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Meet the Woman Behind Maurice Sendak's "Where the Wild Things Are"
Ursula Nordstrom changed children's literature. During her time as the editor-in-chief of juvenile books at Harper & Row, she helped nurture the talents of many authors, such as Shel Silverstein author of The Giving Tree and Maurice Sendak illustrator and author of Where the Wild Things Are.
Ursula Nordstrom changed children's literature. During her time as the editor-in-chief of juvenile books at Harper & Row, she helped nurture the talents of many authors, such as Shel Silverstein, author of The Giving Tree, and Maurice Sendak, illustrator and author of Where the Wild Things Are. Without her editorial efforts we may not have grown up reading many of these and other childhood classics.
“Hardly anyone has raised more conscientious imaginative children than the legendary mid-century children's book editor Ursula Nordstrom,” says author of Brain Pickings Maria Popova.
''With her incomparable editorial genius, Ursula Nordstrom transformed the American children's book into a genuine art form,'' Sendak told the New York Times following her death in 1988. ''I was there, one of her eager apprentices, profiting immensely from her intuition and her generous heart. She was the best of mommas, the best of teachers, the best of friends.''
She was a champion for authors and children during her tenure at Harper & Row, which began in 1936. This was a time when storytellers were being pressured to commercialize their material to fit a certain market. These tales for children often had a genteel, polite boredom to them, which featured nuclear families and gender stereotypes. She much preferred the stories, which featured mischievous children, like Max from Where the Wild Things Are, and their adventures.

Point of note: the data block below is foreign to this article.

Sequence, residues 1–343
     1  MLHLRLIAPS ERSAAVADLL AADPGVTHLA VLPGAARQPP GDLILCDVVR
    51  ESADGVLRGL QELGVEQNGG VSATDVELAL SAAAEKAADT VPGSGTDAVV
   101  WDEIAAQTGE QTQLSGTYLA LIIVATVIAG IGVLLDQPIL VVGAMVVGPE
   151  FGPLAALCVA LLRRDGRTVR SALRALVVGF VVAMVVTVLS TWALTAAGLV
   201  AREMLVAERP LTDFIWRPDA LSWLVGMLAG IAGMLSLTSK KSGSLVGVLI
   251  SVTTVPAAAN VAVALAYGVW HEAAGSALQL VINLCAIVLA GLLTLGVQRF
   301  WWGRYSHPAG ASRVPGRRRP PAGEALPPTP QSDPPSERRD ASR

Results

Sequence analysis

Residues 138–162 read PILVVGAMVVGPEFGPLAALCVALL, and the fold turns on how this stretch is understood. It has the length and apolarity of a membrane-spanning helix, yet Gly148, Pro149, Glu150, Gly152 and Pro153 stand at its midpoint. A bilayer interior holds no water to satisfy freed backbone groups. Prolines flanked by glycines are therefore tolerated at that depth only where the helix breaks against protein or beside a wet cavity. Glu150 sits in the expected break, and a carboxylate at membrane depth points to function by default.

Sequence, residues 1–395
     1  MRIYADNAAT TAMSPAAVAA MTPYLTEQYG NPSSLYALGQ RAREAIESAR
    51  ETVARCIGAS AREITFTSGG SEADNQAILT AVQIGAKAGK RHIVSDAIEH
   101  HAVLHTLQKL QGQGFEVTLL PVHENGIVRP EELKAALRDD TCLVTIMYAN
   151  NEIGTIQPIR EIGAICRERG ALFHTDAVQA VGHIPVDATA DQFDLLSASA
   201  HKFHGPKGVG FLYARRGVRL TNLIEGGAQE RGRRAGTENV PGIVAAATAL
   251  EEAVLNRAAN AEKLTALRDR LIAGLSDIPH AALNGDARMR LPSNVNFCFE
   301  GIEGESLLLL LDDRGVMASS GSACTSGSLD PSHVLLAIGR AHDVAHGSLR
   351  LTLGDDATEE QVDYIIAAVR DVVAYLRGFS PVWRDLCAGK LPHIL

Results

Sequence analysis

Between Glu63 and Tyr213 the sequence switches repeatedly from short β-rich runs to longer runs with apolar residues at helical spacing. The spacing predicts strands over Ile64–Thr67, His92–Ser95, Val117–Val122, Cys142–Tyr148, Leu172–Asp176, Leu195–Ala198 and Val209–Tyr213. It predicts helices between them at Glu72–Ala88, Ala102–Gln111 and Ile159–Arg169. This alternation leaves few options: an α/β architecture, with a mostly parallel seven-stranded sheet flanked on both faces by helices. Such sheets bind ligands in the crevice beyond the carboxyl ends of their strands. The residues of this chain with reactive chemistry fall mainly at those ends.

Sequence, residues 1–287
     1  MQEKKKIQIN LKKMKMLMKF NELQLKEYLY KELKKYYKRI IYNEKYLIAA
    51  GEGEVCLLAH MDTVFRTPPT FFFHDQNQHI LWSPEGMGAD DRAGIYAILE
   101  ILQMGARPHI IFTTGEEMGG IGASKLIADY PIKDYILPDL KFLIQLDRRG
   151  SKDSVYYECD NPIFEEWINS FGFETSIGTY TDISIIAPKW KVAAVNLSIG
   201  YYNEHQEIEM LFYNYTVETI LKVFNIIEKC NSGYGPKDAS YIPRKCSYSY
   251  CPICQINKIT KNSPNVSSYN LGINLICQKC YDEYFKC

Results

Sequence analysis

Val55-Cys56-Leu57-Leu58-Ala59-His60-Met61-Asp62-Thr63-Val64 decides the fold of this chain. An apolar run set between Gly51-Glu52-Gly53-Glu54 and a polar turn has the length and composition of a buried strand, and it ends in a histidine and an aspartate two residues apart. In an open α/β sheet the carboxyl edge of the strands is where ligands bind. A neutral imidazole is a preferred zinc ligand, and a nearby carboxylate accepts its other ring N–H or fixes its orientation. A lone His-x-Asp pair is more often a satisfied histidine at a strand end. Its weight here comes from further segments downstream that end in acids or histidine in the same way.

When asked what qualified her for this job, she said, ''Well, I am a former child, and I haven't forgotten a thing.''
“Miss Nordstrom is credited with helping to change children's books from moralistic works written for adult approval to works directed at the emotions, imaginations and problems of children,” Susan Anderson wrote in her obituary. Nordstrom took on authors who preferred to confront readers with controversial topics, like E.B. White's Charlotte's Web. She chose to publish books that would endure.
Nordstrom even put her own pen to paper and published her own book, The Secret Language, about a shy young girl attending boarding school.
“And so the most benevolent patron saint of modern childhood ended up being a gay woman working at the height of consumerism and somehow managing to publish and envision and defend books that were not forgettable commodities but extraordinary masterworks that stood the test of time and moved and inspired and enchanted generations,” says Popova.
Photo Credit: Ben Gabbe/Getty Images
In article Photo by Keystone/Hulton Archive/Getty Images
Natalie has been writing professionally for about 6 years. After graduating from Ithaca College with a degree in Feature Writing, she snagged a job at PCMag.com where she had the opportunity to review all the latest consumer gadgets. Since then she has become a writer for hire, freelancing for various websites. In her spare time, you may find her riding her motorcycle, reading YA novels, hiking, or playing video games. Follow her on Twitter: @nat_schumaker
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